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Journey Man
This is something I knocked up last year. I thought with the season upon us it might be worth another airing.

What are your thoughts?

Sometime in 1996 or 1998, when Manly were in their full pomp, I remember reading an excellent article by Roy Masters about Manly’s defensive structure. This was at a time when we were averaging less than 10 points per game, or less than two tries per game, a statistic that any of the top four sides in 2004 would envy. It was certainly a far cry from the 30+ that we’re conceding this year! Manly’s defensive line was considered close to impregnable.

However, Masters didn’t describe this line as a wall. From memory he described it as a piece of string that was held tight across the field at all times. He used this analogy because he noticed that the Manly line was ALWAYS straight. The string didn’t stretch right across the field, 13 men was not enough to do that. With Matthew Ridge in behind the line and barking constant instruction, this piece of string held its shape. As the offensive team spread the ball one way or the other, the string would shift left or right in reaction to the direction the ball was taking. Attacking players were always met with one thing, a straight line, even in broken play, and a line that always had men inside and out, covering the inside ball.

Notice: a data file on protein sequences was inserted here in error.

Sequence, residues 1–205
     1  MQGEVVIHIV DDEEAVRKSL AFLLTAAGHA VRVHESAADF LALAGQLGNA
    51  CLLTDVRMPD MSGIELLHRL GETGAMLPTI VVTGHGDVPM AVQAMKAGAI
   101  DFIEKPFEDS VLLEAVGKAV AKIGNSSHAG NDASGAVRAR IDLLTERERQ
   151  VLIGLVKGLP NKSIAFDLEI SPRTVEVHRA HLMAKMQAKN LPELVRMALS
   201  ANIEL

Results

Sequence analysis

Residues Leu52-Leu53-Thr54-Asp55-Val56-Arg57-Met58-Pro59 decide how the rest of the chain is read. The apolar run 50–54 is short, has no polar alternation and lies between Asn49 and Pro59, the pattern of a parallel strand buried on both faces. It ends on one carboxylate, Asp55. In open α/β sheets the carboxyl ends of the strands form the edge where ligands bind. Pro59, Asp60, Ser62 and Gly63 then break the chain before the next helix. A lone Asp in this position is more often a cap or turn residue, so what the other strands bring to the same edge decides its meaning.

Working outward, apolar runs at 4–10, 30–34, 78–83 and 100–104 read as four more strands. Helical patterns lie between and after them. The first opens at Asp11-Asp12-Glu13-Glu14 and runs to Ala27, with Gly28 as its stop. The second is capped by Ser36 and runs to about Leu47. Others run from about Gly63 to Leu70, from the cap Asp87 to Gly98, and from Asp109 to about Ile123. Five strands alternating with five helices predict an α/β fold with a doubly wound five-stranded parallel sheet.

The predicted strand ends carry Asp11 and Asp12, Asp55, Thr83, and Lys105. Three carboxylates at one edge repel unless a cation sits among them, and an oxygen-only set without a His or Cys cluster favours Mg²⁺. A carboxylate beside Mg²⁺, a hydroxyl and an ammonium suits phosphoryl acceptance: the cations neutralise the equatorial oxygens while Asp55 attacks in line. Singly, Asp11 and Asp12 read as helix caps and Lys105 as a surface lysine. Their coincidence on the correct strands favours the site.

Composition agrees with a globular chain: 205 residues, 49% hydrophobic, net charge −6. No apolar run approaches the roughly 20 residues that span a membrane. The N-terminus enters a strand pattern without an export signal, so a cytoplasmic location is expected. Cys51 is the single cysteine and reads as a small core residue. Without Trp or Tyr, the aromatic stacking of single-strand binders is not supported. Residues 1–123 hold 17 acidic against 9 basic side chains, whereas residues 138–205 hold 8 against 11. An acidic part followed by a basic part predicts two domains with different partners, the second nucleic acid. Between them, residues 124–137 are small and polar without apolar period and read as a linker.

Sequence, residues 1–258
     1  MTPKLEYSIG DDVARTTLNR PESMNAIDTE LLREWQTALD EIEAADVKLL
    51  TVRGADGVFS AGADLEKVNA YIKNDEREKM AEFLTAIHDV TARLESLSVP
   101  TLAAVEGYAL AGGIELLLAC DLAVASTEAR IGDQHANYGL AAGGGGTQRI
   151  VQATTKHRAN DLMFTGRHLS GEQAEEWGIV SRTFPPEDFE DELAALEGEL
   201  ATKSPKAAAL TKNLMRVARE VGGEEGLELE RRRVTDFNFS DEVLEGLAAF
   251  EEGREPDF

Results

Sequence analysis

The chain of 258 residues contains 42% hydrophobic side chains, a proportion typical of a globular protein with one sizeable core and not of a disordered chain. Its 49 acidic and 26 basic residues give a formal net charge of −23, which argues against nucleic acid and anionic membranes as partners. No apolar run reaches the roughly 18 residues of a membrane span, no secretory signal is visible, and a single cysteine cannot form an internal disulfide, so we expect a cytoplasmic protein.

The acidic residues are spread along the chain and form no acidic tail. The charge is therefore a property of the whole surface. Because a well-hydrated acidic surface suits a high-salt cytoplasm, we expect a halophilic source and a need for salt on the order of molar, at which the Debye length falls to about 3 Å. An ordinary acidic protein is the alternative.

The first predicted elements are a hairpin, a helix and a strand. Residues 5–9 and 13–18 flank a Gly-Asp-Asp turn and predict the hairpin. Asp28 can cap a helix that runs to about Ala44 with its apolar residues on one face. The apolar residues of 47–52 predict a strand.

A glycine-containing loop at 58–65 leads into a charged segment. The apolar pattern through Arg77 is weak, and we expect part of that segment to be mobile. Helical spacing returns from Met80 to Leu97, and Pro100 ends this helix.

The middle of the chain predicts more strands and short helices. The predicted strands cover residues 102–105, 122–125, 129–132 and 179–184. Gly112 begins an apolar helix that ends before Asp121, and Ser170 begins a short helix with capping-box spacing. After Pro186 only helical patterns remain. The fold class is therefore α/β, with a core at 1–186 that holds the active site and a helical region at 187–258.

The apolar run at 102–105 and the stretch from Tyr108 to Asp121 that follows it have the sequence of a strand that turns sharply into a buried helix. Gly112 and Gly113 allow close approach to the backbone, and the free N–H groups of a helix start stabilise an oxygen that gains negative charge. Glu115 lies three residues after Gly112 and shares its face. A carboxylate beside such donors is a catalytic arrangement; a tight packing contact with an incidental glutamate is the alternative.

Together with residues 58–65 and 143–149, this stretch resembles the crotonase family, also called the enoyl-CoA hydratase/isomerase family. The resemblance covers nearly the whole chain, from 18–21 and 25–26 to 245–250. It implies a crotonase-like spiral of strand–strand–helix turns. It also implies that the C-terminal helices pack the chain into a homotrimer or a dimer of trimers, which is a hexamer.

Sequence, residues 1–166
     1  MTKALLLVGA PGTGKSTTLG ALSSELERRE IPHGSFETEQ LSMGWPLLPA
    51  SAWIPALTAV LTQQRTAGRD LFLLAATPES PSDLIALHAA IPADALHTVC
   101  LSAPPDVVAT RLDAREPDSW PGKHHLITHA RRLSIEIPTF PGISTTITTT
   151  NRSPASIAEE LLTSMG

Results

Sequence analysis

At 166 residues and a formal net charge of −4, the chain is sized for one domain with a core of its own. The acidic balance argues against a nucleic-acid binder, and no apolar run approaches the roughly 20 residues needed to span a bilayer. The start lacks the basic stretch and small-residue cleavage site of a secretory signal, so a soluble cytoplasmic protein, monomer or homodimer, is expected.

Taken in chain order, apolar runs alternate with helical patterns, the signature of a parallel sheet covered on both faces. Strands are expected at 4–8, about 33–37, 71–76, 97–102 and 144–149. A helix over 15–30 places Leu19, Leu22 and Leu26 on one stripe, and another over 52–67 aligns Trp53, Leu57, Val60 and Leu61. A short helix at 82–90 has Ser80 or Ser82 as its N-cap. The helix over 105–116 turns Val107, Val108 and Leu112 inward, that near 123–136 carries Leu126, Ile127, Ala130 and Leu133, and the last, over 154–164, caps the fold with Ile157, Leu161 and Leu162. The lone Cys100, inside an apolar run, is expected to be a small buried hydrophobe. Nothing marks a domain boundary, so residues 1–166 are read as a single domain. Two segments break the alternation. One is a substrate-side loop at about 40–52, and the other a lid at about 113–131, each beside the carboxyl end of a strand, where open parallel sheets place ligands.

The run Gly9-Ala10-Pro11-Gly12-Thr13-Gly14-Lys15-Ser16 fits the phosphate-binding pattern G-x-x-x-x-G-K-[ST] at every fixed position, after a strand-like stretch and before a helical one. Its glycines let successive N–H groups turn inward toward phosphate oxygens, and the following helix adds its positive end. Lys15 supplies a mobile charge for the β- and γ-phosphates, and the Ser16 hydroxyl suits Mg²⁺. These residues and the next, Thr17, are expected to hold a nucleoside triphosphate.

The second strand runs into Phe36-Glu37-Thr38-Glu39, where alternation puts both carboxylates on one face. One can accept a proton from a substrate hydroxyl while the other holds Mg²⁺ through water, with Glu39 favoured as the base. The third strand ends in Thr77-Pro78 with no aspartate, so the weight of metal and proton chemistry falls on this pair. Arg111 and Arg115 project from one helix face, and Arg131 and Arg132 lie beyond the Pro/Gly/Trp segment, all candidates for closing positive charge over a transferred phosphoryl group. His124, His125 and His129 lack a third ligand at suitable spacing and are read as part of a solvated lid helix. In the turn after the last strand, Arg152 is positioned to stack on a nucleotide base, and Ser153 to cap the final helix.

However, when the offensive team entered the attacking 15 metre zone the piece of string became a piece of elastic. The defensive line would stretch across the field to prevent the long pass or kick. The rationale was that the defence was able to come off the line quicker and the opposing players were closer together. With the lesser impact of offence and defence the players could stand a little wider and, whilst keeping the straight line, could cut down the players in front of them. It was a strategy that served us well during those years.

Obviously times change, rules are changed to negate dominant teams and new strategies are developed. The Roosters won a premiership in 2002 with a bruising, rushing defence, aimed at cutting down the time and options to the ball player and swamping the other team, slowing them down. Obviously a coach needs to decide on a defensive structure that suits the abilities of his team. Whilst many sides have adapted this approach not all of them have. There’s teams still using variants of the “slide� approach that Manly made famous in the 1990s and the Up and In of Canterbury fame from the 80s.

Given Manly’s defensive shortcomings this year, last night I watched the game against the Knights with particular attention to our own defensive line. I’m not an expert, and I’m sure there’ll be many that will disagree with me, but here are some observations that I came up with, and some conclusions as to what that meant for our side.